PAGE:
Sometimes, things work exactly how you think they will.
Heading into fight night, the general consensus had this fight as a Fight of the Night favorite, and it delivered in every possible way outside of a finish.
The two shared energetic walkouts, dancing like they were on South Beach instead of about to do battle, but once the fight got going, all their energy went into the fight.
Oliveira hit “Platinum” Perry early and often in the first round, but not without absorbing damage himself. “Cowboy” utilized his wide array of skills to rock and bloody Perry and went into the second round with the lead.
Perry landed a counter-left that staggered Oliveira to turn the tide, following that by tossing the Brazillian awkwardly onto the canvas. Perry continued with high pressure, volume and his signature heavy shots, and Oliveira appeared to hurt his toe late in the round. In the final round, Perry opted to go with a patient, counter-focused approach as both men tired.
“(Oliveira’s) gas tank broke like we thought it would,” Perry said. “He went to waiting for it to come back, and that’s when I let loose on him a few too many times for to come back from it. (I) stayed tough, and then my coach was yelling at me, ‘Don’t push the action, and try to stay patient.’ If I moved, I could get the win. I didn’t have to go too crazy and put myself in a dangerous situation, and I’m sorry for the fans that I didn’t push to the end and try for the KO, but I needed that (win).”
All three judges scored the fight 29-28 in favor of Perry, who moved to 13-4. Oliveira falls to 19-7-1 with 2 NC.
The UFC veteran might’ve been rocked after Ion Cutelaba hit him flush with a spinning backfist followed by heavy ground-and-pound, but Teixeira kept his cool and nearly finished the fight in the first round when he attempted a guillotine.
“(Cutelaba) caught me off-balance,” Teixeira said. “As soon as I hit the ground, I was able to recover good, and I felt that I was good.”
Teixeira hit Cutelaba with a good shot early in the second round, and Teixeira pushed the action while his opponent tried to sit back and counter. As Cutelaba tired, Teixeira got to the ground and secured full mount, then took the back on his way to a rear naked choke. The win improved Teixeira’s record to 29-7, and he reminded people what he can do along the way.
“I’m right here,” Teixeira said. “I’m number 11. I’m (going to) keep fighting for the top position.”
Speaking of veterans, few have been around and as busy as Jim Miller. Making the walk for the 32nd time in the UFC, Miller made quick work of Jason Gonzalez, who was coming back from a 19-month, injury-riddled layoff.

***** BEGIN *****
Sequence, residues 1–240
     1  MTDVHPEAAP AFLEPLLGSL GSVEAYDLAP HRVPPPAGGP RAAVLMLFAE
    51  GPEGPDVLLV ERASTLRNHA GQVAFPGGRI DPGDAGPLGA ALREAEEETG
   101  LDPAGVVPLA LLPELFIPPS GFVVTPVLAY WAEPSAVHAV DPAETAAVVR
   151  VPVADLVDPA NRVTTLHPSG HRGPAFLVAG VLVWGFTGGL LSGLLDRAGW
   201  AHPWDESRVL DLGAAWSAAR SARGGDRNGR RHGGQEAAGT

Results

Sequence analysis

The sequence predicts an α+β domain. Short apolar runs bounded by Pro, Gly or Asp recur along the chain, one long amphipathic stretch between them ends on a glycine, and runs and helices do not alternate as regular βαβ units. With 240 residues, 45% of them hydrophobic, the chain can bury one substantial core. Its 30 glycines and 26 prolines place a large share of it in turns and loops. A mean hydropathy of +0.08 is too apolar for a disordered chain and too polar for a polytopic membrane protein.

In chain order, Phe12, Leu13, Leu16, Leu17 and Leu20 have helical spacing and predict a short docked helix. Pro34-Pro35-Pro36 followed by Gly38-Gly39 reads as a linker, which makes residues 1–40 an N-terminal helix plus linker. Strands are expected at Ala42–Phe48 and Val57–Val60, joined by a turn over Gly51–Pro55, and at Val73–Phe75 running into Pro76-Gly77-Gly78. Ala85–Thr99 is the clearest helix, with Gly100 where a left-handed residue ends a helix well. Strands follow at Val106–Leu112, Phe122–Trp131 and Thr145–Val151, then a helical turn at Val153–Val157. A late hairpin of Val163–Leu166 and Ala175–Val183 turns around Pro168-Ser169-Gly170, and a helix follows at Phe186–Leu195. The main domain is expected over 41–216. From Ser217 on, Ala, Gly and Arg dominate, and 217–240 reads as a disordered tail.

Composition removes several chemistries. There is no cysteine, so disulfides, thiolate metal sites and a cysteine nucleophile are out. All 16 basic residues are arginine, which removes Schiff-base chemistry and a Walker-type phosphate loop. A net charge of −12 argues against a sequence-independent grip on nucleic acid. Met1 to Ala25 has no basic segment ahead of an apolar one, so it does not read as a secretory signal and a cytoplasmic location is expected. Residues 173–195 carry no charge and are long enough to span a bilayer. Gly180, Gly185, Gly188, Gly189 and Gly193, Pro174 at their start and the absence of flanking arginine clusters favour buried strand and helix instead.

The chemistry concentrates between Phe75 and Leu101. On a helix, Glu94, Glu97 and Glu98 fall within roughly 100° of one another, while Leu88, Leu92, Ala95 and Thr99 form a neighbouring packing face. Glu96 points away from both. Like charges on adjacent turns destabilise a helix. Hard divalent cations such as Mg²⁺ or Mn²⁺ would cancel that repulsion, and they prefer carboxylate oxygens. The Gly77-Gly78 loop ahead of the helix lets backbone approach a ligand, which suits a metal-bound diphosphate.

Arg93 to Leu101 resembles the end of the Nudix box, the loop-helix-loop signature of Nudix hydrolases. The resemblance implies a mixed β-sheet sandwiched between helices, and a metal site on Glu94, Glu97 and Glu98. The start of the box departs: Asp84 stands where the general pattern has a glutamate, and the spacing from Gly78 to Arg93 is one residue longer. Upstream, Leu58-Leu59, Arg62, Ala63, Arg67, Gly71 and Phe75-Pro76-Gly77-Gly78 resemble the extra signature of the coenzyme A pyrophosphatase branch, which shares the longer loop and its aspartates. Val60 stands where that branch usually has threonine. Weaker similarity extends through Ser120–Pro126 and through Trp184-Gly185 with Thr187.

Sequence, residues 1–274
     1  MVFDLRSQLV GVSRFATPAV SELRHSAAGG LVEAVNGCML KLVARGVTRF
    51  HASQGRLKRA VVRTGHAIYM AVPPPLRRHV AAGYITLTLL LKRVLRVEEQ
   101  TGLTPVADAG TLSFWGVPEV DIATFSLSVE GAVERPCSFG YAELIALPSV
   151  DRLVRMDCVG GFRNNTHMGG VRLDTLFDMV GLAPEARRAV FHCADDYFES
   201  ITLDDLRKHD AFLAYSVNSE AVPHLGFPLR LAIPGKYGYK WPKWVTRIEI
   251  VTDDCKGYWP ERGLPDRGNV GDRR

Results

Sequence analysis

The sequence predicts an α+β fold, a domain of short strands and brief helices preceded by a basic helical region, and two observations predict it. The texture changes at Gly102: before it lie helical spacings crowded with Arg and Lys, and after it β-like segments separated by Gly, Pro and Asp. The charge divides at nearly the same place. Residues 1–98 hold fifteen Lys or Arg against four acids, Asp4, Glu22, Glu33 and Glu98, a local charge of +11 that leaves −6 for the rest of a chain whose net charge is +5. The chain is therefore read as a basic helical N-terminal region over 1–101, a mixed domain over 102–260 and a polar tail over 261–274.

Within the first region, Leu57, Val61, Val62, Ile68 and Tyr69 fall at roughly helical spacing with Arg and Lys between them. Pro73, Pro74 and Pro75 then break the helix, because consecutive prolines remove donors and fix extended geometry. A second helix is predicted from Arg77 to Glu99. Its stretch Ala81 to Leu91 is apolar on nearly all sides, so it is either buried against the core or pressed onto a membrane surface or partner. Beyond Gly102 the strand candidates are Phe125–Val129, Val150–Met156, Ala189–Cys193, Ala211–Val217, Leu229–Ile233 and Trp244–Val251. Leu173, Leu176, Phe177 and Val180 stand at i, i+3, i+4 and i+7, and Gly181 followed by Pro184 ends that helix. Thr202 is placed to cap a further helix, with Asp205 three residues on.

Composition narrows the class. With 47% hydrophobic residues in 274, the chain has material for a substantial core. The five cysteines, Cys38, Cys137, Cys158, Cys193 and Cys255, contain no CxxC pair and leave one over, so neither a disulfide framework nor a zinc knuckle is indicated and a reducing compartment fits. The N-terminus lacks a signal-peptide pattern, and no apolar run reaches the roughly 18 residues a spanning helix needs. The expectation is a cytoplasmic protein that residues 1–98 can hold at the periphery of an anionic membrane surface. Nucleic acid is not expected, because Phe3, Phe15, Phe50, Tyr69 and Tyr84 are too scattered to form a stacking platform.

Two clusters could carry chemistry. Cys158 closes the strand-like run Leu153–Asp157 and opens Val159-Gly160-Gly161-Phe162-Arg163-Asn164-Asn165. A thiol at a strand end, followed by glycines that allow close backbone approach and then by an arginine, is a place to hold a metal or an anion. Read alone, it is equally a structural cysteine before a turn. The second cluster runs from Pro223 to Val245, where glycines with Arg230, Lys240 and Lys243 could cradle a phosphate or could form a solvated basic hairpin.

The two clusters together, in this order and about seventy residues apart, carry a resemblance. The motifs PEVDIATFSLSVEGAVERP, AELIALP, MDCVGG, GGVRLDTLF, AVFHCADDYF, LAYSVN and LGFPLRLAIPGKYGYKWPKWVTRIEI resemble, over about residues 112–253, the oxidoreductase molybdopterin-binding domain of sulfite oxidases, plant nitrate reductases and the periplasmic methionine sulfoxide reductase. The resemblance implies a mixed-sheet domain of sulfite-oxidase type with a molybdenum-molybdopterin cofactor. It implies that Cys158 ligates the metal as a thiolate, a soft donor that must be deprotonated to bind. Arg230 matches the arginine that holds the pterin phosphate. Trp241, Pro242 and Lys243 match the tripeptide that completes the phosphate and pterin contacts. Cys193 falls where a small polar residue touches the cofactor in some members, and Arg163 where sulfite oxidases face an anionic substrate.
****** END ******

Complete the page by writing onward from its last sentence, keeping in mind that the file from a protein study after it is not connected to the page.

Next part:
Gonzalez threw hard and fast, but Miller negated any danger by getting the takedown. From there, Miller secured position quickly for the rear naked choke. The win was Miller’s 30th professional victory, and his second in his last three fights.
Taking a fight on short-notice against a next-in-line title contender in Jacare Souza, Jack Hermansson headed into fight night as the definition of “nothing to lose.”
“The Joker” started this fight quickly, and he’s made a habit of looking for a quick finish. After knocking Souza with a couple strong, short punches, he secured a guillotine choke, and flashbacks of Hermansson’s previous two fights came back strong. Souza, to his credit, worked his way out of danger and the fight continued.
“(Souza) has so much heart, and you got to respect that,” Hermansson said. “There were a couple of times in there where I was just like, ‘Man, isn’t he going to stop coming?’ And I wanted to throw hard, and I was very, very close to just standing there and throw out until one of us got knocked out, but my coach was always telling me to continue to move, hit and move, hit and move.”
The fight stretched into the championship rounds, and Hermansson continued a diverse attack of grappling and distance-striking. Souza came on strong in flurries, ripping Hermansson to the body a few times and narrowly missing on multiple haymakers.
In the longest fight of his career, Hermansson closed the show with some good combinations and enough movement to seal the win with a takedown late in the round.
“It is so hard to be disciplined like that for five rounds because it’s easy if you just stand there and think, ‘I want to get out of this. I want to throw and knock him out,’” Hermansson said. “I managed to stay disciplined, and that’s what gave me the victory.”
The win catapults Hermansson into the title-challenging picture with his 20-4 record, while Souza finds himself with another title shot just out of reach.
In another short-notice performance, Angela Hill snapped her two-fight losing streak by winning a strikers duel with Jodie Esquibel. The high-paced fight catered to Hill’s beautiful counterstriking display, even if it meant taking a few good shots from Esquibel.
Esquibel knocked Hill down in the third round, but Hill recovered to secure the unanimous decision victory, making amends for her first-round loss last month in Nashville.
Mike Davis came into his UFC debut with plenty of hype around him, but Burns put that to rest with a strong performance. Using his superior grappling skills, “Durinho” recovered from a few good strikes to put some damage to Davis.
Burns returned the fight to the mat early in the second round, securing Davis’ back. Davis tried his best to escape, but Burns utilized a mixture of open-handed strikes and ground-and-pound to soften the UFC debutant up before securing a rear naked choke.
The strong performance earned Burns plenty of respect while moving his record up to 15-3, and he expressed his desire to cash in on his current momentum by calling out Alexander Hernandez, which would surely turn into a fun fight between young lightweight contenders.
Fight of the Night: Alex Oliveira vs Mike Perry
Performance of the Night: Jim Miller & Glover Teixeira